File this under, “I read it so you don’t have to.”
I found this book (Tully, Andrew. Capitol Hill. New York: Simon and Schuster, 1962) recently, and you will not be surprised that the title intrigued me. A book from 1962 that was about my neighborhood? Sure!
Except that it took about one-third of the book to even get to the Hill. Up until then, it’s the Pentagon, the White House and Georgetown that the book is set in. And when it comes to the Hill, it is just another anonymous committee room in which another hearing is taking place. In fact, other than this scene, and the fact that one of the minor characters lives on C Street (there is no indication whether this is Northeast or Southeast) there is nothing Capitol Hill about this book. It is about a young and ambitious Deputy Secretary of Defense and his paramour, and his wife and her lover and how their wish for happiness is thwarted by his need to remain, at least outwardly, respectable.
Along the way, he also becomes involved in the upcoming presidential election, though this is in no way affected by his possible divorce (other than pushing back the date that this might occur)
Mainly, the book seems to be doing its best to show that those running Washington have absolutely no interest in any policies, and even politics take a back seat to their love affairs. The closest it gets to policy is the above-mentioned committee meeting, in which questions of civil rights are addressed, whether they should be immediately rectified or whether this would cause a violent reaction from those who had still not gotten over the Civil War.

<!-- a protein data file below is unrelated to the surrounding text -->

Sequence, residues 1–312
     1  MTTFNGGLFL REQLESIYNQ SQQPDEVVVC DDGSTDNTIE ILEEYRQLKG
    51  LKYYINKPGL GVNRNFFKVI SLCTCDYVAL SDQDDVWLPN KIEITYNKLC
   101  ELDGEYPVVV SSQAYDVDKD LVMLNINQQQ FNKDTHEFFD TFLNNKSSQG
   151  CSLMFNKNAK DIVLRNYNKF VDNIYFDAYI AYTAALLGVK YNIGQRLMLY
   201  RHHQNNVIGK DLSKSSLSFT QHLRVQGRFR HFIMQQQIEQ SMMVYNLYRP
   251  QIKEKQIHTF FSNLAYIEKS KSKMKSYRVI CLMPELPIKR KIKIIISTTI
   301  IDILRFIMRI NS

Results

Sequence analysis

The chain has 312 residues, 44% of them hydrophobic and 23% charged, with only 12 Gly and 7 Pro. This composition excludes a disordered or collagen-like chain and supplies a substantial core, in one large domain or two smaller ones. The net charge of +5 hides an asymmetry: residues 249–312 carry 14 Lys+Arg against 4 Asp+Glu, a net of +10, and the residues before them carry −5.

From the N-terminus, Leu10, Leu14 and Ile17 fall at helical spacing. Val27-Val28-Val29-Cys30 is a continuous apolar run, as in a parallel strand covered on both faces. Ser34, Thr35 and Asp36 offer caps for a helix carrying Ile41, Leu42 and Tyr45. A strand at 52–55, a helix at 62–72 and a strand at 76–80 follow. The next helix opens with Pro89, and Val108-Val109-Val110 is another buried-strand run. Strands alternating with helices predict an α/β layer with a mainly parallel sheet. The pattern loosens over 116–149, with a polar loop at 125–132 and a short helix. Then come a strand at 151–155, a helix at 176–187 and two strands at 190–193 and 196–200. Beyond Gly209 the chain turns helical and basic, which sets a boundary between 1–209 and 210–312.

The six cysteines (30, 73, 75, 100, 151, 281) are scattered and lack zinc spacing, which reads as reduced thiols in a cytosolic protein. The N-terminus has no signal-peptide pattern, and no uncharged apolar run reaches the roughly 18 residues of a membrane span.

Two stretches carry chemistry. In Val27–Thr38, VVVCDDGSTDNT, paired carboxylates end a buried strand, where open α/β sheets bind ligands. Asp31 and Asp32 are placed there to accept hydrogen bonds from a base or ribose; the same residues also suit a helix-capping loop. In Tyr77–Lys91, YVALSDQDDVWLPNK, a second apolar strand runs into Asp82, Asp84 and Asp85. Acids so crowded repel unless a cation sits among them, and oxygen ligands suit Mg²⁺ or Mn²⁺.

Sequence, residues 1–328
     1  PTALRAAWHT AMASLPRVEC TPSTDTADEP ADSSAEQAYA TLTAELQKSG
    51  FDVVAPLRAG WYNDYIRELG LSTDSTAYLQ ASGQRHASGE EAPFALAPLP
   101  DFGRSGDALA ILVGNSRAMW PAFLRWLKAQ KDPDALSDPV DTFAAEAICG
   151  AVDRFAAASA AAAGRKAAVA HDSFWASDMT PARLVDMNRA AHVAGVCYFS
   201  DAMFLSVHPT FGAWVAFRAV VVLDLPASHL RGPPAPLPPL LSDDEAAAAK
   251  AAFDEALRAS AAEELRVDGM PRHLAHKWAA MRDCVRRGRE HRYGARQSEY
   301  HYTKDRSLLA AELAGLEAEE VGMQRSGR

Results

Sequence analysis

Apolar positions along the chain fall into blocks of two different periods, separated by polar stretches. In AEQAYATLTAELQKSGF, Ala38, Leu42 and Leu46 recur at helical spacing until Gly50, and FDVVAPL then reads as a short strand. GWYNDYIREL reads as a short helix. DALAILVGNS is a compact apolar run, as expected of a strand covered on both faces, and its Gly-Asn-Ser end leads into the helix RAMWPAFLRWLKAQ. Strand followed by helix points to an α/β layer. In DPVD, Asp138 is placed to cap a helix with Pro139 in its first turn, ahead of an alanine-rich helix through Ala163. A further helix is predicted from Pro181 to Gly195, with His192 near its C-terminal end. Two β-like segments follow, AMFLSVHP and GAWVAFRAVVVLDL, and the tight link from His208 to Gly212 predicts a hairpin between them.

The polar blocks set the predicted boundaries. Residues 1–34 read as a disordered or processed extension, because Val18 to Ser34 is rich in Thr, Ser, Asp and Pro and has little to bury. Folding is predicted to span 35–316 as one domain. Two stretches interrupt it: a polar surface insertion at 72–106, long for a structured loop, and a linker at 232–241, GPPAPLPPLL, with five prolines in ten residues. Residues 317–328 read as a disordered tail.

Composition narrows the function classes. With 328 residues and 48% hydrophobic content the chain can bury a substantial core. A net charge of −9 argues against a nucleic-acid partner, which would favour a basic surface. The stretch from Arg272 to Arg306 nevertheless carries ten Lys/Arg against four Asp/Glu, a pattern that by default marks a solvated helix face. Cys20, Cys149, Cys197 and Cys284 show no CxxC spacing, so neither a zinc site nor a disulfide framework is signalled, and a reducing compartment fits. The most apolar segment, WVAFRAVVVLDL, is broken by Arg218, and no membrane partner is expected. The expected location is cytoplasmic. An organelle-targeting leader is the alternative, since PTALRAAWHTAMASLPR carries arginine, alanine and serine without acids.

The author, who made his name as a young reporter when he was one of only a small number of American reporters that entered Berlin along with the Russian army at the end of the Second World War, later moved to D.C. and become a long-time columnist, producing the column Capital Fare from 1961 until 1987. One wishes that he had written this book much later in his career, when (one assumes) he would have had a better handle on how Washington really works.
Instead, there are a large number of disjointed stories, lives that intersect in generally minor ways, but most certainly do not add up to a coherent story. Whether this was supposed to give the readers of that era an unvarnished look behind the scenes in Washington, but really, all it did was to promote that cynical view that politicians were entirely wrapped up in their own lives and their own careers to give much of a thought to those who lived in the country they were nominally in charge of.
Policy takes a back seat to pretty much everything else in this book, and, other than the aforementioned brief look at the civil rights movement, is alluded to in only the vaguest of terms. It is unfortunate that Tully seems to think that this is the picture of government that people across the country want to read about.